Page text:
In case there was any question, we are not always in charge.
Katrina. Sandy. And just in the last few years: tornados in Oklahoma, floods here in Colorado, the 2011 Tohoku Earthquake off Japan (and resulting tsunami) and the forest fires marring the summers all over the western United States from the Black Forest near Colorado Springs (500 homes up in flames) to the Big Rim fire around Yosemite National Park.
To underscore the power of Mother Nature, I’d make “The Worst Hard Time” required reading in every high school. She runs the show here on Planet Earth. And human greed can make it worse.
“The Worst Hard Time” is about the gritty, dirty detail of the “black blizzards,” what the book calls the “nation’s worst prolonged environmental disaster.”
Some facts are almost too hard to imagine.
The worst storm during the Dust Bowl was recorded on Sunday, April 14, 1935. Black Sunday.
From the book:
- The storm carried twice as much dirt as was dug out of the earth to create the Panama Canal.
- The canal took seven years to dig; the storm lasted a single afternoon.
- More than 300,000 tons of Great Plains topsoil was airborne that day.
And what was the spark that lit this dirt bomb?
Settlement, encouraged by federal enticements. Plowing, encouraged by false advertising. Development, encouraged by false advertising. “Fraud,” to quote Egan. Fraud—all around.
“The Worst Hard Time” focuses considerably on Boise City, Oklahoma but even the town’s name, Egan points, was a lie. The town was sold as a place with trees (le bois) but there were none.
The result, in short was disaster. Dust storms bloomed ten thousand feet in the sky, choking any living thing with a set of lungs. The “dusters” blasted paint off buildings. Dirt dunes mushroomed. Grasshoppers invaded. Static electricity was a constant threat. Pneumonia took the lives of children and livestock suffocated on dirt. Egan’s details are powerful and the conditions were beyond unbearable—although, somehow, a few hung on eating pickled tumbleweed and road kill.
The chapter on Black Sunday is jaw-dropping. A day that began “as smooth and light as the inside of an alabaster bowl” soon turns brutal. The duster that turned off the lights in Oklahoma started in the Dakotas. The dust storm headed south—a rarity. They usually moved east. The weather bureau was flooded with calls and questions. The weathermen, Egan notes, were as confused as the callers.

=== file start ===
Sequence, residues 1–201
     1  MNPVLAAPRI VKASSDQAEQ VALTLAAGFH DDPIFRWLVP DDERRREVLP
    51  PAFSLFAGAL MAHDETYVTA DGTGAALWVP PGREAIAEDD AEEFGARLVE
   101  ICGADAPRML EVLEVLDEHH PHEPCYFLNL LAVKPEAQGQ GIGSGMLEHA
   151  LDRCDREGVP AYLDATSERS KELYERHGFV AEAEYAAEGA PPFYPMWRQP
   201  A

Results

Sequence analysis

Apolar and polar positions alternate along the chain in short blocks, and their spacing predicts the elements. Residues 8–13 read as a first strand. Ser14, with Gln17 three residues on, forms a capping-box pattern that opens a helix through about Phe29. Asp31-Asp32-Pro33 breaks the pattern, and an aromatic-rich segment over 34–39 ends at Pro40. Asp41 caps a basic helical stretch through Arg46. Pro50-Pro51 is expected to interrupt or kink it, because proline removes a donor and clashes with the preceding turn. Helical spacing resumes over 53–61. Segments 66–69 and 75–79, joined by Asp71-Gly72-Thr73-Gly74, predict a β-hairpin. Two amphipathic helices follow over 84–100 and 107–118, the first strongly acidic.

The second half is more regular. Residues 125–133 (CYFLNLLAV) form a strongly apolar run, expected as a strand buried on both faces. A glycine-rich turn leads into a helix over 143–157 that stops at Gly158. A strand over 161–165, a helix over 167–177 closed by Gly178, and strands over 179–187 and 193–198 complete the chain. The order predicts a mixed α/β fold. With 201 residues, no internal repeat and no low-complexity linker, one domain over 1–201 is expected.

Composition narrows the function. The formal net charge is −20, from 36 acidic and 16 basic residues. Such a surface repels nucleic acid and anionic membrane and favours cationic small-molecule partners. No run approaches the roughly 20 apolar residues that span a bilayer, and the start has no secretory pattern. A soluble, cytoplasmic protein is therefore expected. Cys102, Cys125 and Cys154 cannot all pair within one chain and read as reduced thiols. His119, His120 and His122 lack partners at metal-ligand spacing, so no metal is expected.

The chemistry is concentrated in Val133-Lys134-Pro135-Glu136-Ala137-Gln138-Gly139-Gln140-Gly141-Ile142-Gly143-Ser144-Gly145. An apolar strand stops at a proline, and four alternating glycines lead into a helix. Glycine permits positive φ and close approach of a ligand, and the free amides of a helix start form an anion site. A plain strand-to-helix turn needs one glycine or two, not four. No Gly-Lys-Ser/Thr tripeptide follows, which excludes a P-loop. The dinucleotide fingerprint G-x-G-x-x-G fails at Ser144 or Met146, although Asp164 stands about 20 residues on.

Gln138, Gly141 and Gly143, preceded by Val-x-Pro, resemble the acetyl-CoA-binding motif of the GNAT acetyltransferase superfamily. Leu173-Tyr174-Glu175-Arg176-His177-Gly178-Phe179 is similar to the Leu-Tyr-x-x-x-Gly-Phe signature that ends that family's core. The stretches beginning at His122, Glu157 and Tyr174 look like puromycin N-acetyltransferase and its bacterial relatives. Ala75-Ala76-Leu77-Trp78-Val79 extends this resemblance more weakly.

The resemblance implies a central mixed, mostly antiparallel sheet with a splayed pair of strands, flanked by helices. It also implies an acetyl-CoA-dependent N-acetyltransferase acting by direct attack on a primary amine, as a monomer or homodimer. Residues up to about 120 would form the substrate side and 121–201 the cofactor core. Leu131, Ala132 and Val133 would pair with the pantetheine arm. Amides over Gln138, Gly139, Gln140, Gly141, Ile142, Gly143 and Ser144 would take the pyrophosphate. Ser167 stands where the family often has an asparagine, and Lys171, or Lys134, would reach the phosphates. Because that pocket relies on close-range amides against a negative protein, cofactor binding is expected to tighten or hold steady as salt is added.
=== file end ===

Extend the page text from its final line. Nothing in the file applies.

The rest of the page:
The storm headed to Oklahoma, carrying dirt from four states. Winds were clocked at 65 miles per hour. Egan’s writing is matter-of-fact. And vivid. The details are enough. He populates the story with real men, women and children that give the epic tale a sense of scale—and panic. “Every spike of barbed-wire fence was glowing with electricity, channeling the energy of the storm. Ike and his friends were a few yards out when the dirt got them. It came quicker than most dusters and as deceptive because no wind was ahead of it. Not a sound, not a breeze, and then it was on top of them. They were slammed to the ground and engulfed by a wall, straight up and down, the dust abrasive and strong, boiling up, twisting.”
The dust reached Washington, D.C. thousands of miles away. It also reached the policy-makers themselves, who wondered about man’s role in the catastrophe.
The disaster portion of “The Worst Hard Time” is compelling—and so is the effort to put the broken wasteland back together again, led by a soil scientist who talked about conservation and who had the president’s ear and the ability to recommend policies that could help.
Help. Not fix—just help.
The Great Plains, as Egan reports, has never really recovered.
Nature is rough enough. Our actions can make it worse.
This week in Colorado a few major communities stood up and said “no thanks” to fracking. Citizens went to the polls and approved various measures to limit or ban the controversial drilling technique, which requires the use of dangerous chemicals and also requires enormous amounts of water in this semi-arid state.
They expressed their opinion despite reassurances from the governor and the energy industry that injecting the earth with chemicals is safe. The drain on water didn’t seem to be a central point of debate, but (despite this year’s floods) everyone knows the water supply is under stress on both sides of the Continental Divide. There are plenty of concerns about fracking—despite the surge in energy supply. From methane releases warming our already too-warm climate to the proximity that drilling is allowed near homes and schools, without consent.
Perhaps the citizens have their own opinions. Perhaps they have heard one too many misleading statements from the government or Big Energy. Maybe they’ve learned some lessons from “The Worst Hard Time.”